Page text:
Big cedar posts, hand split granite, recycled roofing and Under Orion Farm lumber combine to form the beginnings of the new Farm Store. This past August we opened the farm stand for selling our maple syrup, grass fed beef, Canopy Coffee and baked goods, as well as vegetables from Shane & Christy and Alden Tebbetts. The farm stand was a success! Not only did we sell these fine produce, it also added a fun meeting place to the neighborhood. Stories were swapped, hot coffee was shared, sweets were enjoyed, and folks stocked up on vegetables. As the stand grew, we realized there was need for a little more space, and the idea of the Farm Store was born…
The Cedar –My friend Graham built the exterior shell of the Farm Store and had requested 16′ long “big” cedar posts. The structure itself is pole barn construction – no foundation, just poles sunk 4-6′ into the ground – and the exterior siding came from the wood-lot below the house. We do not have much cedar. I am always having to look elsewhere for cedar fence posts and lumber, but the little I do have I save for special projects. These fine big cedar logs measure about 14″ at the base, which is big for cedar in my woods. They will make up the corners of the building and be left exposed.
Hand split granite – I assume this piece was left over from the building of the farmhouse foundation in 1903. The stone was quarried from a granite outcropping in the woods, just off our north pasture. One piece was used for our fireplace mantle almost 15 years ago. The piece we needed for the Farm Store was to support the face of the building which needed a window and a door. Graham, who works in the granite industry, feels right at home working with stone. He borrowed some “feathers and wedges” to split the granite piece to the desired length, the same method used in 1903. He started by drilling holes around the area to be split off, then insert the “v” shaped feather in each hole, insert the wedge in each feather and, continuously working around each hole, tap in with a hammer. Eventually you hear a crack and the whole piece just breaks off! Cool beans!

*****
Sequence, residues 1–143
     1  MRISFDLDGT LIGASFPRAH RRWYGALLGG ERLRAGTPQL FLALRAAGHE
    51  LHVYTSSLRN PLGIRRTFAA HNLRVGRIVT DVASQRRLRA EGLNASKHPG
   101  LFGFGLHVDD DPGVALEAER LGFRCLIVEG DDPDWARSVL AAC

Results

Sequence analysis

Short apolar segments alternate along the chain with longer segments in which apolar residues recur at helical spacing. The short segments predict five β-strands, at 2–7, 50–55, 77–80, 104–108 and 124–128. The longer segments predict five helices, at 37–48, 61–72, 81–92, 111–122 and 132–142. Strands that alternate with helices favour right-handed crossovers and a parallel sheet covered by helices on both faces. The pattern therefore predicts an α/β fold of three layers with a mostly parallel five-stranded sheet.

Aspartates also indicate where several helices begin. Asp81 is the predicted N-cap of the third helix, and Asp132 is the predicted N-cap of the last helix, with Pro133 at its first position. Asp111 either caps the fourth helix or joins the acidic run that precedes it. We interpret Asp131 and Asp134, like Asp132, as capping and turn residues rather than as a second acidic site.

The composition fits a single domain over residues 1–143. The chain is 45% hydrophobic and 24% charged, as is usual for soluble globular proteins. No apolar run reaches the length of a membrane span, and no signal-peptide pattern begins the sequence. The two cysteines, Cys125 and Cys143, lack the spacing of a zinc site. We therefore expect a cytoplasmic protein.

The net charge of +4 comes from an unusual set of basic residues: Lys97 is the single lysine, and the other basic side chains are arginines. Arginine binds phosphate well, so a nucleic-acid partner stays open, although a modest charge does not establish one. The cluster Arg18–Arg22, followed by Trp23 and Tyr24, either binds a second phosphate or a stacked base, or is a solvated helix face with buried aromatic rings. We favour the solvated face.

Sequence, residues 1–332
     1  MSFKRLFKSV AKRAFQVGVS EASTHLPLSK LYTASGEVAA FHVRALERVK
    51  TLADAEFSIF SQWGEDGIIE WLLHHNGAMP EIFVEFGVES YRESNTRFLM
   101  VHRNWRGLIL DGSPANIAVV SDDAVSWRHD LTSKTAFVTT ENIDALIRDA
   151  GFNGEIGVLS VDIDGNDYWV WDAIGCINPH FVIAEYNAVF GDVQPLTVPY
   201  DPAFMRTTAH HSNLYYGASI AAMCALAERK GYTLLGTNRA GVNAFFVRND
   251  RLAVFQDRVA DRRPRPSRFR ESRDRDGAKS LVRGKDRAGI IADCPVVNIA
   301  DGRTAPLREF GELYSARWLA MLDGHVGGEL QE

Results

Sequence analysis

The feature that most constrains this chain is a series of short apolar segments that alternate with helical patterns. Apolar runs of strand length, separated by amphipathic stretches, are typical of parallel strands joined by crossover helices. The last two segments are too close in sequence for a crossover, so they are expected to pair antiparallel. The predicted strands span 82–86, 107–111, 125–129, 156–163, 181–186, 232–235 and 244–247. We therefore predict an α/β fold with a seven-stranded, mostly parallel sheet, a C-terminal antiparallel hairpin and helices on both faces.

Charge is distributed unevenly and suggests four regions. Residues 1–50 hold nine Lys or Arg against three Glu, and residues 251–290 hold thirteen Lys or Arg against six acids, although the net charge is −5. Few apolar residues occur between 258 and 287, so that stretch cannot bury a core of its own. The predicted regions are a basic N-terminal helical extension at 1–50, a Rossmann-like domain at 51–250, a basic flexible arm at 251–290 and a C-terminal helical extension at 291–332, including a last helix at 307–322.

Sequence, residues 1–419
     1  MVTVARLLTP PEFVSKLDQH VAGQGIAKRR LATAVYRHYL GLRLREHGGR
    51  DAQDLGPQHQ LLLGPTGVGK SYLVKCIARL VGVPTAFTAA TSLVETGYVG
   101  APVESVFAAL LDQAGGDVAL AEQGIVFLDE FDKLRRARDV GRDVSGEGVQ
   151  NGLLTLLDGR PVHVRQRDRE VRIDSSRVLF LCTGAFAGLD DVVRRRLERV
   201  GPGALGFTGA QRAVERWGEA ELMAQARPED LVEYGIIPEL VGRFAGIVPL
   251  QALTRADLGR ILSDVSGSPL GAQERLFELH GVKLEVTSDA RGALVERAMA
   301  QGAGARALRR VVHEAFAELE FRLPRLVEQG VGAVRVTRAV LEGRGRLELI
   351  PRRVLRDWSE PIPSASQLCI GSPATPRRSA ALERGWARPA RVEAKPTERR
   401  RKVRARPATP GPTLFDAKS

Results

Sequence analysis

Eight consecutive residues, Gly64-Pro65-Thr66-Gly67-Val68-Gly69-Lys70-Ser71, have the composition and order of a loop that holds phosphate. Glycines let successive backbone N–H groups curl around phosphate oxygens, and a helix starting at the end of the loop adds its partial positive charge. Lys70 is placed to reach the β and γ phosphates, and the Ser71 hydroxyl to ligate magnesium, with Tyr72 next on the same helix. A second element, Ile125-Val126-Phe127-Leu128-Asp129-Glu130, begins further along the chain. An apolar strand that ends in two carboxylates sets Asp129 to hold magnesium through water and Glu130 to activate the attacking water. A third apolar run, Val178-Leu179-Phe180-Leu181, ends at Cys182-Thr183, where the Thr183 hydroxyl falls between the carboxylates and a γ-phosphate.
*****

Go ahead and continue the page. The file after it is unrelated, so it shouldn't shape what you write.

Recycled roofing-The roof is metal and red! It came off a barn in Marshfield. The sheets were long and did not have an over abundance of old holes to fill. I love to ponder the sights and stories these inanimate objects could tell if they only could – the lives of the folks who built the first barn it covered, or the animals that it housed.
Under Orion Farm lumber -We used a combination of hemlock, spruce, and white pine. The rafters that I milled were 3″ X 6″ spruce and 18′ long. The hemlock was made into 2″x6″ for beams and braces, and the white pine is for siding, the door, and trim.
The Farm Store-Built on to the side of the exsisting farm shop, the Farm Store will take over the duties of the small farm stand (not quite as cute, but I hope more useful). It will house a washing station for vegetables, a walk-in cooler (a “Coolbot” cooler – more on that later), freezers for meat storage, and more amenities for our visitors; coffee makers and dispensers; retail outlet for farm products sold by Under Orion Farm, Dancing Carrot Farm, as well as from friends and neighbors.
The Grant– We have applied for a grant through the Farm Viability Program of the Vermont Housing and Conservation Board to help finish the Store. It still needs an insulated concrete floor and the walk-in cooler construction. The cooler will be a super efficient cooling system that links an in-window air conditioner with a Coolbot that reprograms the air conditioner to cool at lower temperatures for longer periods of time.
We find out about the grant in January. While we are keeping our fingers crossed, we will continue to keep the farm stand open for beef, coffee and syrup pick-ups. We might also offer hot drink specials for snow travelers!